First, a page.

Official word from the Academy’s accountants.
The official accountants for the Oscars think they’ve discovered just how that Best Picture botch happened.
Last night’s 89th Academy Awards ended in confusion when presenters Warren Beatty and Faye Dunaway mistakenly announced La La Land as Best Picture, only for the real winner Moonlight to be revealed moments later.
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In the middle of that bizarre scene, Hollywood legend Warren Beatty returned to the microphone to insinuate that he’d been given the wrong winner’s envelope by mistake.
“I want to tell you what happened,” Beatty tried to clarify. “I opened the envelope and it said Emma Stone, La La Land. That’s why I took such a long look at Faye and at you. I wasn’t trying to be funny!”
Now we’re hearing from the Academy’s accounting firm PricewaterhouseCoopers that its representative Brian Cullinan did indeed hand off the wrong envelope to Beatty as he walked onto the stage.
Attributing the mistake to simple “human error”, PricewaterhouseCoopers’ chairman Tim Ryan told Variety: “We clearly made a mistake and once the mistake was made, we corrected it and owned up to it.”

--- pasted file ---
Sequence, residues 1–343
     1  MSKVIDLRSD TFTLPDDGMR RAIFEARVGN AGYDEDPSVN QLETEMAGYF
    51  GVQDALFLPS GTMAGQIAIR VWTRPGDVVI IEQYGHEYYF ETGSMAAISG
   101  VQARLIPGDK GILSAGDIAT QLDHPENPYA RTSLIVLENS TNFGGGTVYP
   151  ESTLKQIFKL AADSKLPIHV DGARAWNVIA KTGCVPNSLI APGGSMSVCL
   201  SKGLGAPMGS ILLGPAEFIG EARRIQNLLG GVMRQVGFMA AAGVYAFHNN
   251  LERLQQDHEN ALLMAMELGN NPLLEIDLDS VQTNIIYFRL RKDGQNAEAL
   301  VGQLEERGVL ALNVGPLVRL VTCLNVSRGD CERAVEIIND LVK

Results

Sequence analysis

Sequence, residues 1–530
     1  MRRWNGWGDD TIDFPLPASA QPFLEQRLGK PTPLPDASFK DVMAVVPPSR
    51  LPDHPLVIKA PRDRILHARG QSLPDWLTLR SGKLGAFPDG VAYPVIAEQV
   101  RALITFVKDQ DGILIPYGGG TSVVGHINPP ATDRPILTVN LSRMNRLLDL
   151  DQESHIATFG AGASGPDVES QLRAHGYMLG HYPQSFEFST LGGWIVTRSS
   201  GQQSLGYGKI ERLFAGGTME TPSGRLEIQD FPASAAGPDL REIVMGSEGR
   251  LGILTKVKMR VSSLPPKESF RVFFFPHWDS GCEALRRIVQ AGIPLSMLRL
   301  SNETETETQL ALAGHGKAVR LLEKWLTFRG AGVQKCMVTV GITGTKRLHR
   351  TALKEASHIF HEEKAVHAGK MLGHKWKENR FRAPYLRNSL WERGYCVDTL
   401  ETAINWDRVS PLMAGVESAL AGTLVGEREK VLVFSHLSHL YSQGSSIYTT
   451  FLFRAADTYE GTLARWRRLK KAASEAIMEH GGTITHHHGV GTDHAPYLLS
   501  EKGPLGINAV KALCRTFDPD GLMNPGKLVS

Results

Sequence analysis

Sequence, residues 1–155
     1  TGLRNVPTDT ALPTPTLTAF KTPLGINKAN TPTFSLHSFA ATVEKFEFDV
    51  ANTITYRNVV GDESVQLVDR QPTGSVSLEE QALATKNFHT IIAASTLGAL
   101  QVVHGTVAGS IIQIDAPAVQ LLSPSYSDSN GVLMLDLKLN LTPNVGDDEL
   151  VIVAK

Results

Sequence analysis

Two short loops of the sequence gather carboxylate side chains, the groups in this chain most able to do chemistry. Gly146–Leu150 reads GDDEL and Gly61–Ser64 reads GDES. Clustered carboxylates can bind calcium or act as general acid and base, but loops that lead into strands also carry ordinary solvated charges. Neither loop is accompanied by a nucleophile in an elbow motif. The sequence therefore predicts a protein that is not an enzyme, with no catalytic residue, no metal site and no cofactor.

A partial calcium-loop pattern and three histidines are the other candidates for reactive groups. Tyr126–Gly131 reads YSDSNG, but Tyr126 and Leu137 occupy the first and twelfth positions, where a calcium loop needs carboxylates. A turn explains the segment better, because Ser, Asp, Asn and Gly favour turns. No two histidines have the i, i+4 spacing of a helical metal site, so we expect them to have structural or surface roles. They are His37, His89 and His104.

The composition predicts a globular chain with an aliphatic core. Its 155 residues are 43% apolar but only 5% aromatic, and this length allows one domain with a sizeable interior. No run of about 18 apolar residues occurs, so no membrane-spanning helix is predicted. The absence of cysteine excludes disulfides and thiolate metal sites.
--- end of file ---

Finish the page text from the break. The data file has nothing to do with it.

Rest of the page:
Ryan went on to say: “[Handler Brian Cullinan] feels very, very terrible and horrible. He is very upset about this mistake. And it is also my mistake, our mistake, and we all feel very bad.”
According to PricewaterhouseCoopers, their representatives Brian Cullinan and Martha Ruiz were both placed on opposite sides of the stage – each with a pile of original envelopes and a back-up pile.
It was a Best Actress envelope pulled from the backup pile that was accidentally given by Cullinan to Warren Beatty as the Hollywood icon made his entrance onto the Oscars stage.
That chain of events would obviously absolve both presenters, although Faye Dunaway admitted on Monday (February 27) that she was perplexed by the error.
“It was very quick, I can’t talk about it,” she insisted. “The card read that way. It was a very odd thing. It wasn’t Warren’s fault.”
Witnessing the whole scene play out from backstage was presenter Salma Hayek, who described the chaos as “kind of freaky, but exciting”.